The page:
Wednesday, August 20, 2008

Third Parties Pay for College

By Richard Vedder

The new survey on how college is financed done by the Gallup organization and Sallie Mae reinforces a point I often make --the individuals attending college pay a minority of the costs. In "How America Pays for College" it is indicated that roughly 40 percent of the net cost of college is paid for by the consumer --the student. Using the net price (including grants and scholarships), the student pays barely one-third of the total.

Moreover, the student borrows most (about 70 percent) of his/her costs, so in the short run roughly only a tenth of the cost is paid directly by the student. Moreover, this grossly OVERSTATES student payments, since the costs that students are expected to pay are reduced because of institutional income received from government subsidies or private gifts and investment income.

To be sure, a majority of the student provided financing comes from parents and other relatives, and students cannot view those funds as pretty "free" gifts unencumbered by any obligations. Perhaps students view themselves as part of a family, and that the family income is part of "their" income. Nonetheless, I think most students are somewhat less price-sensitive because of the receipt of interfamily financial transfers to pay for college.

It is also interesting to note that the wealthy pay more for college than the poor, but that the income elasticity of payments is rather low --that is students from families with $100,000 in income pay far less than double the amount to college as the students from families with $50,000 income, which is what public policy wants to happen. We need to look more at this study, but it is a welcome addition to the literature on financing college.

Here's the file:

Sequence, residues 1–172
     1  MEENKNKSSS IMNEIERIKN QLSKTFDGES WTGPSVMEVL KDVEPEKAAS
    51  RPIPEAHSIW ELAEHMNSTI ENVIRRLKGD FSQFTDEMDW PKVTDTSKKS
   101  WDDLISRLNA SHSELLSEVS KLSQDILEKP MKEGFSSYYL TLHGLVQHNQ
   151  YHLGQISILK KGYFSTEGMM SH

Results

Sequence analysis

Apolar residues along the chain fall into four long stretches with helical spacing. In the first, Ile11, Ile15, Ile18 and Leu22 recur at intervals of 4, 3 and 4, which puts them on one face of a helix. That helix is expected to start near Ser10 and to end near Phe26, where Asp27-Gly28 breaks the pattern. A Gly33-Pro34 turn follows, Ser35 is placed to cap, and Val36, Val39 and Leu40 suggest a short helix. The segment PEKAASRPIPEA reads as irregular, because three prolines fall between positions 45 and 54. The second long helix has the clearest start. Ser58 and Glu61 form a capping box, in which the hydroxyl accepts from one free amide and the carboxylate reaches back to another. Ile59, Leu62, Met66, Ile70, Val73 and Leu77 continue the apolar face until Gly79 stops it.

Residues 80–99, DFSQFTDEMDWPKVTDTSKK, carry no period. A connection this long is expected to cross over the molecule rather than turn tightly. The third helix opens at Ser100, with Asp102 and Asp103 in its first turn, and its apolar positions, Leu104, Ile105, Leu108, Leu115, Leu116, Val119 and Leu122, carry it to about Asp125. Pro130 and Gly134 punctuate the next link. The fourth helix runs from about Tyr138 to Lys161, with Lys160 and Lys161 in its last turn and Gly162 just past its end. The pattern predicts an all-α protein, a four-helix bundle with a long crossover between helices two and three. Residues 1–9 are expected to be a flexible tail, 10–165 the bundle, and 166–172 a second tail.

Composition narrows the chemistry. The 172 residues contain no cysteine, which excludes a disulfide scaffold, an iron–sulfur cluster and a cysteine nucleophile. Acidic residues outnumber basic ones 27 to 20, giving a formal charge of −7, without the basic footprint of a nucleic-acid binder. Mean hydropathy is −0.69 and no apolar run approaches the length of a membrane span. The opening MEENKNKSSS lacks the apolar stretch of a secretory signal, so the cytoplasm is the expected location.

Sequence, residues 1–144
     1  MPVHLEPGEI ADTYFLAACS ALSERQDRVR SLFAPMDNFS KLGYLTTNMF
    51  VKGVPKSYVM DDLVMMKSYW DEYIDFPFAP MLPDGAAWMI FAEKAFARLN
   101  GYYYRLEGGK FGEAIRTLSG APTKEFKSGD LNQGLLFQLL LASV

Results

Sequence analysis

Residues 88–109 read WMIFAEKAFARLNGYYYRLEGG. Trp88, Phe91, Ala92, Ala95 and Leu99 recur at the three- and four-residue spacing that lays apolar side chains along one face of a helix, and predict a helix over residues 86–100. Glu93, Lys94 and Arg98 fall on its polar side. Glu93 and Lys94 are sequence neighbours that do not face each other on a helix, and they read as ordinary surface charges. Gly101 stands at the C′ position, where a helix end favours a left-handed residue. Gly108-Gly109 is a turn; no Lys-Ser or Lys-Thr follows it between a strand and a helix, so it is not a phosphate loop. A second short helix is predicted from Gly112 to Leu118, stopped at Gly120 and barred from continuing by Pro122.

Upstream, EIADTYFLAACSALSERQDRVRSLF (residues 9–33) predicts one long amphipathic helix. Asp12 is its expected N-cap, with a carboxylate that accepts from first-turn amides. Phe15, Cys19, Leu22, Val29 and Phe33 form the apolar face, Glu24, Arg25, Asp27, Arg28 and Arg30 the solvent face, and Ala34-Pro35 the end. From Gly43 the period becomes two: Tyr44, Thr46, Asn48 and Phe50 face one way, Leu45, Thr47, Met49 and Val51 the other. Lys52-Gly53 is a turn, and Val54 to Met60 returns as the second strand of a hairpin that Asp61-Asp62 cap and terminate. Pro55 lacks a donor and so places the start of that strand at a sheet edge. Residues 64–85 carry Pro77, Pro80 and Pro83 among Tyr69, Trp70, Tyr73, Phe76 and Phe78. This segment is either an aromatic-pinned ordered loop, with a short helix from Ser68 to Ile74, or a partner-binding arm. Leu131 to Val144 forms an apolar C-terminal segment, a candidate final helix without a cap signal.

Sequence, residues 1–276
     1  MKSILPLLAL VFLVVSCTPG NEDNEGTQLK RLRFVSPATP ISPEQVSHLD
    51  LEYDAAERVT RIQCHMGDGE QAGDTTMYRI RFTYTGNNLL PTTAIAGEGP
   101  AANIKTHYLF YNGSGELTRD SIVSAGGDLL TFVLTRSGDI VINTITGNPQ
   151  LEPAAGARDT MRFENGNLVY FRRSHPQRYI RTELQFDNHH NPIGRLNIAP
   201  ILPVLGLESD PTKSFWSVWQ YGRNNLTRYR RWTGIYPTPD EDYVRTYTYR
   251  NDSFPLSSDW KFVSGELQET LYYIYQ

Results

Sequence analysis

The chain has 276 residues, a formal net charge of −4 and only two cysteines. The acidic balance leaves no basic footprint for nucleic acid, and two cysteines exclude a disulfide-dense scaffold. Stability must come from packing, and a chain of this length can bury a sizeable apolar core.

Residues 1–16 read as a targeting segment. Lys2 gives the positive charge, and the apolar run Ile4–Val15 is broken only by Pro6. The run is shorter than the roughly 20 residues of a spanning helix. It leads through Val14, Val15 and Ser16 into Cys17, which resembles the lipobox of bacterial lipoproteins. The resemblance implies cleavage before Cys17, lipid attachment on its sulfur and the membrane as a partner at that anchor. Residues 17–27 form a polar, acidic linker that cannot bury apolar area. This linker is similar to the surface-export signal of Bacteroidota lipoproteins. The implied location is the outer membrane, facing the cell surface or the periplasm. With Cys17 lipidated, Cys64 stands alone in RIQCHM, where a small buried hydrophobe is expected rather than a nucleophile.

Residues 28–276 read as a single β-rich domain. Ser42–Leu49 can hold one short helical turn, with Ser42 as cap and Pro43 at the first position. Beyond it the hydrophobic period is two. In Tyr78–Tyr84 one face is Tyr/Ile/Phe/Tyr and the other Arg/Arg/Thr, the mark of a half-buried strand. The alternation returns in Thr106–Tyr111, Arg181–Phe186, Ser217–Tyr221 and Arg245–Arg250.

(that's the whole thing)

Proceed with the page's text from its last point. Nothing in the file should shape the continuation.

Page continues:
The fact remains that consumers tend to overconsume things that others pay for, and that they are less price sensitive because of third party payments. This is probably the most important single reason why college costs are high-- and rising rapidly over time.

1 comment:

capeman said...

Memo to Rich Vedder: even a low-cost public university will run over $15,000 a year when you add everything up. (And of course that doesn't include the public subsidy, interest from endowment, etc.) Most 18-year olds don't have that kind of dough to spend. A part-time minimum wage job doesn't cut it any more when it comes to paying for college. The public is aware of this, even if semi-retired economists do not. That is why we have publicly subsidized higher education. Just as we have publicly subsidized K-12 education. Maybe high school shouldn't be free anymore? How about kindergarten? The mind boggles at the direction and level of this line of thinking.